Bobotie: A typical boer food

 

 

The cuisine serves an important role in the characterization of any culture, as it could not be a Boer-Afrikaner culture also has a dish associated to culture – The Bobotie
The Bobotie consists of spicy minced meat with egg bathed. Initially it was made ​​with a mixture of mutton and pork but is now also made ​​with beef or lamb. You can also take other ingredients such as dried fruit, raisins, lemon.
The first recipe for Bobotie is dated 1609 and was taken by the Dutch settlers and developed over time. There are so many variants and Bobotie recipes found Boer settlers in various countries such as Argentina (Chubut), Zambia, Botswana, Kenya etc.

Here there is one of dozens récipes of Bobotie:

http://www.nigella.com/recipes/view/bobotie-503

 

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4 Comments

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4 responses to “Bobotie: A typical boer food

  1. S A HISTORY ONLINE /SAHO COMMENTS – Omar Badsha wrote; Battle over bobotie Published in General 12 Jun 2013 :— Alistair Knox Recently I made bobotie after more than 50 summers, all my spices came from Muslim or Hindu spice shops, AND the flavour is distinctly un-European! So I strongly disagree with WW Claassens. The Cape was flooded with slaves from Madagascar especially, India, Indonesia and Africa. In VOC Batavia(Indonesia), the majority of European men had Asian wives/concubines,the Cape less so. I doubt these men even knew how to cook European food! All those with Afrikaner ancestry carry DNA from some of these women (myself included),and many of their ancestors were suckled by slave wet nurses who were even hired out by their owners. Many Dutch people also carry Indonesian DNA due to the VOC’s long presence in the East. Local cuisine/Afrikaans is full of distinctly Malay influences-why deny it? I wish I’d paid more attention when I watched rotis, breyani, koeksisters [she called them ‘koesisters’] and the like being expertly made by a local ‘Malay’… Like · Reply · June 13, 2013 at 8:29pm https://www.facebook.com/sahistoryonline/posts/664448966904565

  2. MOLO CAPE TOWN an inner-city CBD City Bowl newspaper Sept/Oct 2013 , 1st edition :’n Mengelmoes; a melting pot; a real masala – our culinary heritage is a wondrous mix of cultures, flavours and influences. Molo chats to a heritage activist, a food technologist and a food historian about what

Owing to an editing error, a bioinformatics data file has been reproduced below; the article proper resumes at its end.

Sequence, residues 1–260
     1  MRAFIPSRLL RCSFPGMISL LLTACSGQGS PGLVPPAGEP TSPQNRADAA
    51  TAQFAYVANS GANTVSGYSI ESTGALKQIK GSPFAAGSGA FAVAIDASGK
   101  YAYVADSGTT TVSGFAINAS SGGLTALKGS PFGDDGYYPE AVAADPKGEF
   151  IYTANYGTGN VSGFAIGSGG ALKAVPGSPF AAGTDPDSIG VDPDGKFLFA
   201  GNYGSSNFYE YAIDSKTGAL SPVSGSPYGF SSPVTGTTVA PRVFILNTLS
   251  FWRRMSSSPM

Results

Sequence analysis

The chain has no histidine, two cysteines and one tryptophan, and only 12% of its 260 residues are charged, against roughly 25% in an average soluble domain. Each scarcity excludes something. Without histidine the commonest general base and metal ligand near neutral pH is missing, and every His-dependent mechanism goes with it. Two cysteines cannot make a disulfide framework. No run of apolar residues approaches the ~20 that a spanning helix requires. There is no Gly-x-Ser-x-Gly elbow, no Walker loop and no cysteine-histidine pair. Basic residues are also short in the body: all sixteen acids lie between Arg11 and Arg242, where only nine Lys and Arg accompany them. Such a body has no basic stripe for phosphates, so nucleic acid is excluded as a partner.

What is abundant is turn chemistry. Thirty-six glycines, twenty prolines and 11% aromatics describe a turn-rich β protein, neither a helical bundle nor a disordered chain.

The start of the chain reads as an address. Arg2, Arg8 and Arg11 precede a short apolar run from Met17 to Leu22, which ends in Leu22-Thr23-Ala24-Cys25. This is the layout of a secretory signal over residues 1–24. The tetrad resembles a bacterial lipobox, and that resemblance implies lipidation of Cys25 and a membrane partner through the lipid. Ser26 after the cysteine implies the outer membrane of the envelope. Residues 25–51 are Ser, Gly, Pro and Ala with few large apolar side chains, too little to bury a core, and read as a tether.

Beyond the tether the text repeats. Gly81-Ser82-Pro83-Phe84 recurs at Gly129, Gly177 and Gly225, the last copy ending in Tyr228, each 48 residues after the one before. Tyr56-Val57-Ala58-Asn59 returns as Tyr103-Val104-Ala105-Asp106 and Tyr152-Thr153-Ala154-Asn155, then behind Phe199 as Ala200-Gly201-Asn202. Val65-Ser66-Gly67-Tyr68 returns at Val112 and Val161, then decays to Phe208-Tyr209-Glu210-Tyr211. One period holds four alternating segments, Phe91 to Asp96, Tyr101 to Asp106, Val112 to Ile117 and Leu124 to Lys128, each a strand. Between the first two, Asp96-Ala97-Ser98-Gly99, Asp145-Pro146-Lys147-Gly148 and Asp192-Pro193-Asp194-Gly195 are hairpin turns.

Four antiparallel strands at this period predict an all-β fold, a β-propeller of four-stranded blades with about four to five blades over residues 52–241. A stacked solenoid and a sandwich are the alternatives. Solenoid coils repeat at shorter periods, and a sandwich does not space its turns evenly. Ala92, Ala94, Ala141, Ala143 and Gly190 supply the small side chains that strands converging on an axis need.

typical South African food is. “Dishes like bobotie have become a world on a plate. They allow us to explore our culinary connections and reflect on Cape Town’s position as a cross-cultural bridge between the Atlantic and Indian oceans, apart from also being the gateway into Africa. The Batavian cultural
    food legacy at the Cape of Good Hope is sometimes forgotten or overlooked, but Cape Town was an outpost of the VOC ……
    http://www.capetownpartnership.co.za/a-melting-pot/

  3. Slaves : Let them Speak – Slave Stamouers of South Africa
    Written by André van Rensburg on 14 March 2010.
    INFLUENCES THAT THEY LEFT BEHIND
    The slave’s contributions to the culture, history and genealogy of South African are far more significant than has been given credit. The food of the countries of slave’s origin has become an integral part of South African cuisine with curries and spices adding to the variety of flavours. Dishes such as sosaties (kebabs), bobotie (curried mince dishes that are prepared as one meal dishes) and bredies (meat, tomato and vegetable casseroles) have survived thanks to our slave ancestors. http://www.stamouers.com/index.php/people-of-south-africa/slaves/674-let-them-speak-slave-stamouers-of-south-africa

  4. National Bobotie (bo booti) Day
    Public · Hosted by Cape Malay Cooking & Other Delights Sunday, May 4 2014 at 9:45am – 8:00pm
    Creating an annual day to celebrating a South African national dish. Bobotie – the origins of the name are not clear although in Indonesia ‘bobotok’ was an Indonesian dish…….. So gather your friends and family and lets all celebrate NATIONAL BOBOTIE DAY.
    Facebook © 2014

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